Mental health cash woes
Top official admits plenty gaps in funding
PROVINCIAL health departments across the country have inadequate budget allocations for mental health, a hearing into the status of mental healthcare in South Africa has been told. The South African Human Rights Commission (SAHRC) is holding national investigative hearings into the status of mental health care in the country over two days.
Making presentations at the commission’s offices in Braamfontein, Joburg, the national Department of Health admitted to this.
Deputy director-general for primary health care Jeanette Hunter said: “The assessment we did in the nine provinces in terms of the extent to which the policy framework and strategies implemented in the nine province – this assessment we did in May – showed a number of gaps.
“What we have discovered is that provinces do not have a mental health care budget in one place so that you can determine what is being spent on mental health… Provinces have to determine what exactly they are currently spending on mental health on all levels,” Hunter said.
She said provincial departments would also have to determine whether the gap could be “overcome by correcting inefficiencies in the system or whether a larger budget is required”.
The hearings come after the tragic deaths of more than 140 psychiatric patients who were removed from Life Esidimeni Healthcare facilities and placed in various unlicensed NGOs last year when former health MEC Qedani Mahlangu allegedly terminated the contract to “cut costs”.
The SAHRC said its decision for convening the hearings was informed by “the potential for vulnerable mental health care users to be affected by compounded human rights violations, the need to identify structural issues that hamper mental health care, the duty of the SAHRC and to provide recommendations to address systemic non-compliance with human rights standards”.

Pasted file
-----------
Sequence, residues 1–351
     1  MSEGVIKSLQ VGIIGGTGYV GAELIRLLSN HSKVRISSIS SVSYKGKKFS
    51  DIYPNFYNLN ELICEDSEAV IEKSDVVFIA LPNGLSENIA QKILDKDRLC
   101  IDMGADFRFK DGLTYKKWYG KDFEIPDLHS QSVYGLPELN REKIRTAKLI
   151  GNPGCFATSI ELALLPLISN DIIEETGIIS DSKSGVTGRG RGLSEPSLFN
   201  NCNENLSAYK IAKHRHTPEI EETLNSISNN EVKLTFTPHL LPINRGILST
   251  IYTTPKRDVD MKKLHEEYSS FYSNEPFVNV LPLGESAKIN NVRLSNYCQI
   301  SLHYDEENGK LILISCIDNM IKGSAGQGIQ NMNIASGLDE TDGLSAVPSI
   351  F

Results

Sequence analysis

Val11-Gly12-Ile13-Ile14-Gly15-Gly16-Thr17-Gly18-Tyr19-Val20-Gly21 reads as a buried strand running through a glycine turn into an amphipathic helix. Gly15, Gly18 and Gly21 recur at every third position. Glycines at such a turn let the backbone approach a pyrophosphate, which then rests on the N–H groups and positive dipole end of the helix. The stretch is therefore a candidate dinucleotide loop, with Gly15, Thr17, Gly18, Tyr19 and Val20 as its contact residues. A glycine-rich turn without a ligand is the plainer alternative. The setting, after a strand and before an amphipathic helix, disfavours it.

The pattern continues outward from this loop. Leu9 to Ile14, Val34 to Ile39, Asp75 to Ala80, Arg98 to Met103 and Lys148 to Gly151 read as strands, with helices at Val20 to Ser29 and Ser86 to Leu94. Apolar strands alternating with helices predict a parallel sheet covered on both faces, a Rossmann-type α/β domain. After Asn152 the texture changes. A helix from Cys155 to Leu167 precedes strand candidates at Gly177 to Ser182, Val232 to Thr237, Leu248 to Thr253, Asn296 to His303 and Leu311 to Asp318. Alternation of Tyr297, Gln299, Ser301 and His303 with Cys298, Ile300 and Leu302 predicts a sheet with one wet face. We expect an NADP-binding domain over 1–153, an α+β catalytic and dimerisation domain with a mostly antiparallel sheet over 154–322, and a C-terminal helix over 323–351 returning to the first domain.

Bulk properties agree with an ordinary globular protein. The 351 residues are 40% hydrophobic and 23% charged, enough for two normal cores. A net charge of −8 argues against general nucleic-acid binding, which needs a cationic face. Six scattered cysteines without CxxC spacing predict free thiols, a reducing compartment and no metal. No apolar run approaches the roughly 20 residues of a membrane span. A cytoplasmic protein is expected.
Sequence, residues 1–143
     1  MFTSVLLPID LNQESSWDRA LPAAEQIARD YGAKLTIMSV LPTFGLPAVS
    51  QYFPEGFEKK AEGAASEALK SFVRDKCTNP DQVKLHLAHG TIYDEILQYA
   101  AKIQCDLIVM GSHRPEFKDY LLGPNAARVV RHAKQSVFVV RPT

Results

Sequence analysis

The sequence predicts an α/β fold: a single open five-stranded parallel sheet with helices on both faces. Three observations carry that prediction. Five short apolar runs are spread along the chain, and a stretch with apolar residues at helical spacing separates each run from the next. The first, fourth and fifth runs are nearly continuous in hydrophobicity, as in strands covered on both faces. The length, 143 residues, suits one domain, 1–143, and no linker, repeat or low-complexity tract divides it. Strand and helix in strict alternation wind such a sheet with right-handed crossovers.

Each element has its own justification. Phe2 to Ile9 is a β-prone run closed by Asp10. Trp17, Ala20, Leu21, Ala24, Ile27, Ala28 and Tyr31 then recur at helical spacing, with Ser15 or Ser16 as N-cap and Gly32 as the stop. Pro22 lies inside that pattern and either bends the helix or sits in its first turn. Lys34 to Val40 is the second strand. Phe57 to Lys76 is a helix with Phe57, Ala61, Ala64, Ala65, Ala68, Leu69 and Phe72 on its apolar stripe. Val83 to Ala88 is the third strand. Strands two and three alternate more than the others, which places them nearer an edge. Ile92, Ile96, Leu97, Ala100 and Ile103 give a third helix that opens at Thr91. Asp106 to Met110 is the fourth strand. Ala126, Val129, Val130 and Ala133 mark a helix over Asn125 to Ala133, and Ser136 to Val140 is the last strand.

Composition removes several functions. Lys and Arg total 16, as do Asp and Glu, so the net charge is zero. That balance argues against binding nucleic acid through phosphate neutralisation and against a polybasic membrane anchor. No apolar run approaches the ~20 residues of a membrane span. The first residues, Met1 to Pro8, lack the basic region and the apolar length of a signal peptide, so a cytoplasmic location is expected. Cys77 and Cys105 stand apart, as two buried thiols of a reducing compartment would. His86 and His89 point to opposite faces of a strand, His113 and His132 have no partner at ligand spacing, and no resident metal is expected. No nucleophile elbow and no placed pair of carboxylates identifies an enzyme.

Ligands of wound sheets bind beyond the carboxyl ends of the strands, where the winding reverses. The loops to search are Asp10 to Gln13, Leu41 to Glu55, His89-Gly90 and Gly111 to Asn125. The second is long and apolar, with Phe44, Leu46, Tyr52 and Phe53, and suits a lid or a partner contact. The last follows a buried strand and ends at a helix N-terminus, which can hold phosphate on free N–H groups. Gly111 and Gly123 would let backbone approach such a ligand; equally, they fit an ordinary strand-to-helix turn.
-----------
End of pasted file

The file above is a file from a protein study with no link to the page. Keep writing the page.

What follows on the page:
Rural Rehab South Africa chairperson Shannon Morgan said 43% of the country’s population lives in rural areas yet they did not receive the health care services they needed.
She said one in four people with mental disorders had access to treatment. “Rural areas account for almost half of the country’s population yet remain at the margin and periphery of political, economic and social power centres… The neglect of the mental health of rural populations often results in a burden in the limited resources situated in urban centres,” Morgan said. She said there was no budget for mental health. “Frequent drug stock-outs leading to high relapse rates… How do you check that one person is coming back again and again and again? How do we monitor that,” she said, adding that there was lack of human resources for mental health.
Morgan said there was also a prevailing stigma and discrimination. She asked whether the country could “do with mental health care what we did with HIV?”
“Deinstitutionalisation and bringing mental health care service closer to where people live is a priority of the national mental health policy framework. We have all witnessed the devastating effects of patients and their families when this is done without adequate planning and co-ordination,” she said.
“… events (like Life Esidimeni) in Gauteng are only the tip of the iceberg. All over the country and especially in rural areas, mental health care users have little or no access to the services that they need, resulting in some devastating effects on individuals and families. That is why we say that the Life Esidimeni tragedy is not an aberration. It simply places in the spotlight on what is happening everywhere.”
The hearing continues today with officials from the nine provincial health departments expected to make presentations.